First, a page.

- There is a resurgence of measles worldwide
- Incubation period is 10 – 14 days and patients are contagious 4 days before rash develops and up to 5 days after
- Suspect measles in any patient with an acute febrile illness who is either un- or undervaccinated
- Know about Post Exposure Prophylaxis (PEP) schedules and isolation times of various populations
- Healthcare workers should wear N95 masks while taking care of patients with suspected measles, and report cases to their local health department.
REBEL Core Cast 13.0 – Measles
In the year 2000, measles was eliminated! This was defined as absence of sustained transmission of the virus for more than 12 months. Unfortunately in 2019, 555 cases of measles have already been confirmed. The measles vaccine is 97% effective after 2 shots!
- Measles is one of the most contagious viral infections
- Transmission is airborne, person to person via respiratory droplets. Droplets can hang in the air for about 2 hours!
- Humans are the only natural host
- The transmission rate from a patient amongst an exposed group of healthy individuals is about 90% in the absence of vaccination
- The period of infectivity is typically 4 days prior to the onset of the rash and lasting up to 5 days following its appearance. The infectivity prior to the onset of rash is really important because patients are going to be infecting people before anyone really knows they’ve got an infectious disease
Signs and Symptoms
Incubation period is 10-14 days then you get a prodrome of high fever and URI symptoms along with the 3 C’s. Cough, coryza and conjunctivitis, these appear 2 – 4 days before the rash.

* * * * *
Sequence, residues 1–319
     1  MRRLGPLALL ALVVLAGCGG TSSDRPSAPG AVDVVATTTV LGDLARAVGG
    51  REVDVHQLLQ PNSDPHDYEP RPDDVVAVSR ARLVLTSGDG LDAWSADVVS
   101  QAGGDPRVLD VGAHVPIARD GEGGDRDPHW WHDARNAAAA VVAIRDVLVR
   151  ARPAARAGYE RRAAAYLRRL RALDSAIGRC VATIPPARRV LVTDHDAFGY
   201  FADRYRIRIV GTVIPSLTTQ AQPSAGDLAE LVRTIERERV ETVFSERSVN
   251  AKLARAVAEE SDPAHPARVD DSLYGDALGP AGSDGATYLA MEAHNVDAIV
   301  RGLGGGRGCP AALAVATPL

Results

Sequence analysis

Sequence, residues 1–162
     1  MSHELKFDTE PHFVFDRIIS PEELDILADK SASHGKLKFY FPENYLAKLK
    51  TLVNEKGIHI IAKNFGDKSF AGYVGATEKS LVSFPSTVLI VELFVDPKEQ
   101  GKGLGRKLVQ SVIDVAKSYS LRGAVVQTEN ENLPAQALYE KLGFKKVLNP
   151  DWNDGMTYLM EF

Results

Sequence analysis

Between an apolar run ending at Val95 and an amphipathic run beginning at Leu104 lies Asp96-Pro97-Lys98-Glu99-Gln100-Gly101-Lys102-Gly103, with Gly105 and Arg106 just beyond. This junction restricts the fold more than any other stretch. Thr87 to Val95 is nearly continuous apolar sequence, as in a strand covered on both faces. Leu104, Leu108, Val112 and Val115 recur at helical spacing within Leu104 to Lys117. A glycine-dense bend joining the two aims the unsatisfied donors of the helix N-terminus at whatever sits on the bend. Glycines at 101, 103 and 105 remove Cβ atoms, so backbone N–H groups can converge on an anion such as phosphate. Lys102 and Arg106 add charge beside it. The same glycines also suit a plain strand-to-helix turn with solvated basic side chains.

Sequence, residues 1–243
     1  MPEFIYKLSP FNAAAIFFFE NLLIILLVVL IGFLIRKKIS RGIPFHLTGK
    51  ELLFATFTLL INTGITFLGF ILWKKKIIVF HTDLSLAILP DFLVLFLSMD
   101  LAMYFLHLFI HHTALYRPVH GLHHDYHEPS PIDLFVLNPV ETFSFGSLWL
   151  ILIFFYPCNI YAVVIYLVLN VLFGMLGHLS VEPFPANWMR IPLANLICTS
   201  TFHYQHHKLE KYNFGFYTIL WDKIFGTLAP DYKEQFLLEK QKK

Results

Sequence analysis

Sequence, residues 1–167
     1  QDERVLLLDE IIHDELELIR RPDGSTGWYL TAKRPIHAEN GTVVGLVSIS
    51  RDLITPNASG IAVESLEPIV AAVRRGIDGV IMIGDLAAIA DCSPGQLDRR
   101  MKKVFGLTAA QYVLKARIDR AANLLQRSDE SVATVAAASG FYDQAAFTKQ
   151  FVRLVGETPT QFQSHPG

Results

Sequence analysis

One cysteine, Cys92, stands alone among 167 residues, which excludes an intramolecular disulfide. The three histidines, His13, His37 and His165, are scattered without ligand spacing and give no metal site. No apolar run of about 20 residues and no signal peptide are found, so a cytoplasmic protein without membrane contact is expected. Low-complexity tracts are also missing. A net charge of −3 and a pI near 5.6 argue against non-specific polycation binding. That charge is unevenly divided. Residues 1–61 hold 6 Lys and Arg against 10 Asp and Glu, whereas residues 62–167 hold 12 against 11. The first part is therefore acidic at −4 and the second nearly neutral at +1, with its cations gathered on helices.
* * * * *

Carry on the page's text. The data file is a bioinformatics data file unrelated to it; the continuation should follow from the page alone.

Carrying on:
Rash is described as Erythematous maculopapular-to-confluent and starts up top (forehead and behind ears) then spreads downward.
- Pneumonia – the leading cause of measles-related deaths
- Keratoconjunctivitis (Measles can exacerbate vitamin A deficiency and lead to blindness)
- Acute Disseminated Encephalomyelitis (ADEM) and Measles Inclusion-Body Encephalitis – these result in permanent brain damage
- Subacute Sclerosing Panencephalitis (SSPE) is a degenerative disease of the brain caused by measles, that can occur 7 – 10 years after measles virus infection.
- Mortality: Two of every 1000 children infected with measles will die from respiratory or neurologic complications
- Febrile patient? Ask about their vaccination status and exposures and consider testing
- Fever and rash? ISOLATE. Ask about vaccination status, where they live and remember to keep isolated while you test if you suspect measles
- IgM antibody in serum and measles RNA by real-time polymerase chain reaction (RT-PCR) from a throat swab (or nasopharyngeal swab).
- Urine samples may also contain virus and when feasible, collect both a respiratory and urine sample to increase the likelihood of detecting the virus.
There is no specific antiviral for Measles so treatment is supportive.
If severe disease in children treat with vitamin A for prevent of keratoconjunctivitis.
- 50,000 IU for infants younger than 6mos of age
- 100,000 IU for infants 6 – 11 months of age
- 200,000 IU for children 12 months of age and older
For More on This Topic Checkout:
Shownotes Written By: Miguel Reyes, MD (Twitter: @miguel_reyesMD)
Post Peer Reviewed By: Salim R. Rezaie, MD (Twitter: @srrezaie)
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